“We are not denying the fact that in civil service the rule of engagement and civil service rule must be respected. For most of us here. we are ready to be vaccinated but the crowd here is large and we may not know the day our turn will be. We need more time because as government workers most times we are occupied by day-to-day activities in our offices.
“Yes, it is true that we must vaccinate because of the combative nature of the virus. At the same time, they should give us time because of the number of people involved, so they should extend the deadline. That is our appeal to the government, a strong appeal.
“We would appeal with a letter. The letter will get to them latest tomorrow (today) morning. We want them to extend it till next year,” she said.
Meanwhile, security operatives have started barring civil servants and visitors who fail to show their vaccination cards from government buildings in Abuja.
At the main gate leading to the Federal Ministry of Education, our correspondent observed that people who failed to provide their cards were turned back while most offices had inscriptions such as “no vaccination card, no entry” on their doors.
The federal government, through the Presidential Steering Committee on COVID-19, had on 13th October, 2021 given December 1 as deadline for all civil servants to present their vaccination cards.
However, by yesterday, December 1, there was no enforcement at some ministries, departments and agencies of the federal government (MDAs), including the Federal Ministry of Health.
A source at the ministry told our correspondent that there was no enforcement at the ministry as nobody was asked to present COVID-19 card before entering the office, including himself.
He said, “Nothing like checking today, maybe they will start tomorrow. I only witnessed that at Radio House when I went there today.”
But at the National Primary Health Care Development Agency, there was enforcement as staff members were asked to present their vaccination cards before entering the office.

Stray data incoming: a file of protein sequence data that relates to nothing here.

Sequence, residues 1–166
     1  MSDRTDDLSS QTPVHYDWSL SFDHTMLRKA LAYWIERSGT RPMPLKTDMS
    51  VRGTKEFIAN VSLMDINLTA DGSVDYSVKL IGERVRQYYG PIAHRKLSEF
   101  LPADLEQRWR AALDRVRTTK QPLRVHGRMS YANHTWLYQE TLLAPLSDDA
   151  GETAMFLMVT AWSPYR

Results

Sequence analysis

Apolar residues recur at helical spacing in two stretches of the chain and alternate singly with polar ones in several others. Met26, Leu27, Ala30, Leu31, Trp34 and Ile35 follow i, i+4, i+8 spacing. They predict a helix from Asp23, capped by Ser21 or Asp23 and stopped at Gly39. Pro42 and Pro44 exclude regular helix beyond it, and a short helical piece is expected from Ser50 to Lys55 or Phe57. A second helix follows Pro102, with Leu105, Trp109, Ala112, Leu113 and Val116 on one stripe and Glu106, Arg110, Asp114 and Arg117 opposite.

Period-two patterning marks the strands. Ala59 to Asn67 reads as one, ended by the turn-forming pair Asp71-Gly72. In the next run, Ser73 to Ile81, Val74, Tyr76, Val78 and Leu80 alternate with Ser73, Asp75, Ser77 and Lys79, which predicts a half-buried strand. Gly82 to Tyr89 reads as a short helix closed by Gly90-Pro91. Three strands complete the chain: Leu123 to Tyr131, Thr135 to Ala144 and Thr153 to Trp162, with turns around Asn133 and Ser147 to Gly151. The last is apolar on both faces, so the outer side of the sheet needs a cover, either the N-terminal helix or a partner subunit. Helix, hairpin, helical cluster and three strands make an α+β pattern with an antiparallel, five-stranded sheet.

However, nobody was locked out, meaning everybody that came to work had been vaccinated. This could also be because some staff of the Agency were yet to resume work fully since the COVID-19 lockdown.
The ministry of interior is to begin the enforcement of operation show evidence of COVID-19 vaccination on Thursday.
LEADERSHIP gathered that following the December 1 deadline for all federal workers to be vaccinated, the ministry had given all staff yet to be vaccinated the end of December 1 to get vaccinated or be barred from accessing their offices.
When our reporter visited the ministry yesterday, most of the departments in the ministry looked deserted, as many workers were not seen on their duty posts.
A worker of the ministry, who did not mention his name, told LEADERSHIP that many workers had taken the one-day grace to visit the nearest vaccination centres to get vaccinated.
He said a circular has been sent informing all those who have no evidence of vaccination to stay away from the ministry, starting from tomorrow (Thursday) morning.
A security operative at the entrance of the ministry said they had been instructed not to allow anyone without evidence of COVID-19 vaccination to enter the offices from tomorrow morning.
“Based on directive, the ‘operation show your evidence of vaccination against COVID-19’ will commence from tomorrow (Thursday).
Any staff member that fails to provide evidence that he/she has been vaccinated will not be allowed into the offices.”
At the building of the Federal Ministry of Education entrance, security men blocked the main entrance of the building in the early hours of Wednesday, demanding vaccination cards or evidence of test from workers before they were allowed into the offices.
However, when our reporter revisited the area at about 2:12 pm, there were less restrictions as both staff and visitors could be seen coming in and out of the ministry without any checks.
It was further observed that a vaccination stand was set up under a canopy at the back of the Eagle Square where some of the unvaccinated civil servants queued up to receive vaccination.
As of the time of filing this report, some people expressed unhappiness at the compulsion to take the vaccines.
A worker at the ministry who does not want his name mentioned said, “Vaccination should be ‘optional but not mandatory in any case. Forcing people to be vaccinated is not the right way to go.”
A visit to Universal Basic Education Commission (UBEC) showed a massive compliance as it was gathered that almost all the staff of the Commission had taken the vaccine even before the December 1 deadline.